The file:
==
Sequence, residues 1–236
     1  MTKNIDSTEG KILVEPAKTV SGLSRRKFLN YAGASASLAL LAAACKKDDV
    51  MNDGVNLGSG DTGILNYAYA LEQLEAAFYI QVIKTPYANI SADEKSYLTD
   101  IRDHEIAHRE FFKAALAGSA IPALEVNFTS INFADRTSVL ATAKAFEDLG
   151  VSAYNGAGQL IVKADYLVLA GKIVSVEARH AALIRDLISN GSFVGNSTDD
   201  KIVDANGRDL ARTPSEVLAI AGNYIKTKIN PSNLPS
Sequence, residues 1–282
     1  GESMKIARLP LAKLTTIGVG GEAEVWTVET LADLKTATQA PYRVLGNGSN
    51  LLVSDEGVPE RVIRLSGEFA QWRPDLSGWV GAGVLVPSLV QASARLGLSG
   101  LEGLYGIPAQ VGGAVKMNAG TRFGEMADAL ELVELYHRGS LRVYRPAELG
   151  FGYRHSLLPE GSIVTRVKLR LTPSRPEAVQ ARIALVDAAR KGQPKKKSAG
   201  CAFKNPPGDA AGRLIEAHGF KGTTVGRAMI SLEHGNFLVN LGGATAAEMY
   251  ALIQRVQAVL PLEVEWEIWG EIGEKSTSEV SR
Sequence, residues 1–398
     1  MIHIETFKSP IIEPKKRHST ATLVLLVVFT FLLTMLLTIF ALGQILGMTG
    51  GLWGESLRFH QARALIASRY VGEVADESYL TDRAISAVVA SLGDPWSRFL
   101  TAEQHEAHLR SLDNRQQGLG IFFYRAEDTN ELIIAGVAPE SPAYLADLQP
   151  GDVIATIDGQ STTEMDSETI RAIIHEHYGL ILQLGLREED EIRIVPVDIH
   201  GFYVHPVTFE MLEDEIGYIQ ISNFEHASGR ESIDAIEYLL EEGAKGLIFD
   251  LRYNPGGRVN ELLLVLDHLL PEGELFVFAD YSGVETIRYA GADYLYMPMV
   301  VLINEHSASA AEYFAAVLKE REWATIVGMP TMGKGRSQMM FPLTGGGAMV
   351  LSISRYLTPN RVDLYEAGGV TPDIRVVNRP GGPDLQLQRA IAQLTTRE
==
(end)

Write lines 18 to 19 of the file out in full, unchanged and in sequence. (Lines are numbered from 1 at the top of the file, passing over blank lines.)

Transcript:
   151  GDVIATIDGQ STTEMDSETI RAIIHEHYGL ILQLGLREED EIRIVPVDIH
   201  GFYVHPVTFE MLEDEIGYIQ ISNFEHASGR ESIDAIEYLL EEGAKGLIFD